Your shift starts off with one of your patients crashing, your new admission arriving, and the gentleman in room 204 falling and hurting himself. Immediately you feel the pressure of all you have to accomplish. You may be thinking, “How will I get this all charted in a timely manner and still handle my med pass on time?” The healthcare industry has recognized this plight and has made strides to help nurses more efficiently handle their daily tasks, including charting.
While the introduction of electronic health records was intended to make life easier for nurses, doctors and other healthcare staff, that isn’t always the case. In fact, 92 percent of nurses who participated in one survey reported some dissatisfaction with electronic health records (EHR) or electronic medical records (EMR). Luckily, there are a few things you can do to make electronic charting easier.
1. Keep a keen eye for mistakes
Making mistakes is easy if you have several patient records open at the same time. Although it seems obvious, double-checking the patient name at the top of the screen may save you considerable time. If you accidentally enter information in another patient’s chart, you have to delete every incorrect entry and include a note explaining why you made the deletions.
2. Chart in real time
It may be tempting to do when you are very busy, but if you postpone charting until the end of the day, it may actually take more time than if you entered the information immediately after working with a patient. By the end of the day, those little details aren’t so fresh in your mind, and you will have to take time to verify information like: new orders, patient education, responses to pain interventions, etc. Real-time charting also ensures that other health care providers can access up-to-date information on patients.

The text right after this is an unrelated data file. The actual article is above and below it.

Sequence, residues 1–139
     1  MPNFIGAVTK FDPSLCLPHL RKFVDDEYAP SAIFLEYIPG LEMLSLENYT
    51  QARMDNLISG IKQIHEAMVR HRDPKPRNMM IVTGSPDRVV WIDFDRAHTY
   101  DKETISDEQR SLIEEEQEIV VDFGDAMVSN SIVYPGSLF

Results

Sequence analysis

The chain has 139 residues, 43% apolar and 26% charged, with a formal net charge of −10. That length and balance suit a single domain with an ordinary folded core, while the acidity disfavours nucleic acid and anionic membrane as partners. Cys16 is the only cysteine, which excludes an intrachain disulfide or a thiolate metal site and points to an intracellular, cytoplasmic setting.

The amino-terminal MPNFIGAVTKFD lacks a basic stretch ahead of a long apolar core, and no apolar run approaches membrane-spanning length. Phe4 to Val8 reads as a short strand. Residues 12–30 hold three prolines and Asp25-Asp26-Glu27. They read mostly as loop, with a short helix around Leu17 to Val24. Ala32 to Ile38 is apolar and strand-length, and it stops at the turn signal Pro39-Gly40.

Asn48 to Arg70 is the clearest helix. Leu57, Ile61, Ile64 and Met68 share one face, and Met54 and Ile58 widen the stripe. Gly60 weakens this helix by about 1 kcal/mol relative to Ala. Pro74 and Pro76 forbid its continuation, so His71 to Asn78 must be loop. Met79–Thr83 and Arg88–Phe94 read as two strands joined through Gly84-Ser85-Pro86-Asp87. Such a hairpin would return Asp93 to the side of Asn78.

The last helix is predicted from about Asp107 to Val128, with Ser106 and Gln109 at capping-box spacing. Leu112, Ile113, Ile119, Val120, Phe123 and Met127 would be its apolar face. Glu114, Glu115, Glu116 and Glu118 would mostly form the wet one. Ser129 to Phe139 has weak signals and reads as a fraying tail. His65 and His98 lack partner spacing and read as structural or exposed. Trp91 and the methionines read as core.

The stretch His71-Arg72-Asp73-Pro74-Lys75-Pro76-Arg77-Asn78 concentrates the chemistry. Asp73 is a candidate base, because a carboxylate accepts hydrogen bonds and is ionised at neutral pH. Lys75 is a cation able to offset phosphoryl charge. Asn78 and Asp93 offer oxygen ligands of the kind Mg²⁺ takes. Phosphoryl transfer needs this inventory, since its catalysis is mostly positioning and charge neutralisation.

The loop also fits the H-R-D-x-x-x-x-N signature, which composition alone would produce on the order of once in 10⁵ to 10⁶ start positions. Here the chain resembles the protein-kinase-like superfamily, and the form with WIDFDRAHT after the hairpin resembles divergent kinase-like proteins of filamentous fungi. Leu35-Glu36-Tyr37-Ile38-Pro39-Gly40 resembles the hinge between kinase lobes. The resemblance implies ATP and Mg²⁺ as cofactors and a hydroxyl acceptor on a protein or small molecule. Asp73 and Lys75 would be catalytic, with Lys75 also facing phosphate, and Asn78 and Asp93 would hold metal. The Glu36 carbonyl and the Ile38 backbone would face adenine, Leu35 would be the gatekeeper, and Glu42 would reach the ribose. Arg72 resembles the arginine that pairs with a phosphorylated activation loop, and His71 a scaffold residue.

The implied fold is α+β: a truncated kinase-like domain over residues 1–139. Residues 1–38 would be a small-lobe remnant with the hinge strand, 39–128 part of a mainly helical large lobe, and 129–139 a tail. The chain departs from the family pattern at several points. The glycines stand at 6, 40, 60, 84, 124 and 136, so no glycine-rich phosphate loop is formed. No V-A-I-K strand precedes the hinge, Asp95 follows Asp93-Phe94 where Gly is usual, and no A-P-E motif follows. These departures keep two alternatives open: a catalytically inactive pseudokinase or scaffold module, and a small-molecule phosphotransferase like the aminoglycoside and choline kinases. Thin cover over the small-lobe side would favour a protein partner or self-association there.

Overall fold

3. Take advantage of additional training
Some hospitals have complex electronic health record systems that can make some aspects of documentation feel confusing. If you find navigating your EMR difficult, ask for additional training or seek out colleagues who are well versed in the technology.
4. Speak up
Electronic charting is still in its infancy, and in many hospitals, there’s room for improvement. If you and your co-workers are feeling frustrated, speak up. Your input as an end user is valuable! Help identify problems with the system that waste time better spent on patient care. Think about things that could make it easier to work with the system. For example, if you must page through multiple screens that don’t apply to your unit, discuss this with your nursing informatics representative to let them know about how it impacts your workflow.
When an EHR system performs well, nurses may actually have more time to devote to patient-centered care. Learn more about patient-centered care in our free guide, How Nurses Can Increase Patient Satisfaction Through Patient-Centered Care.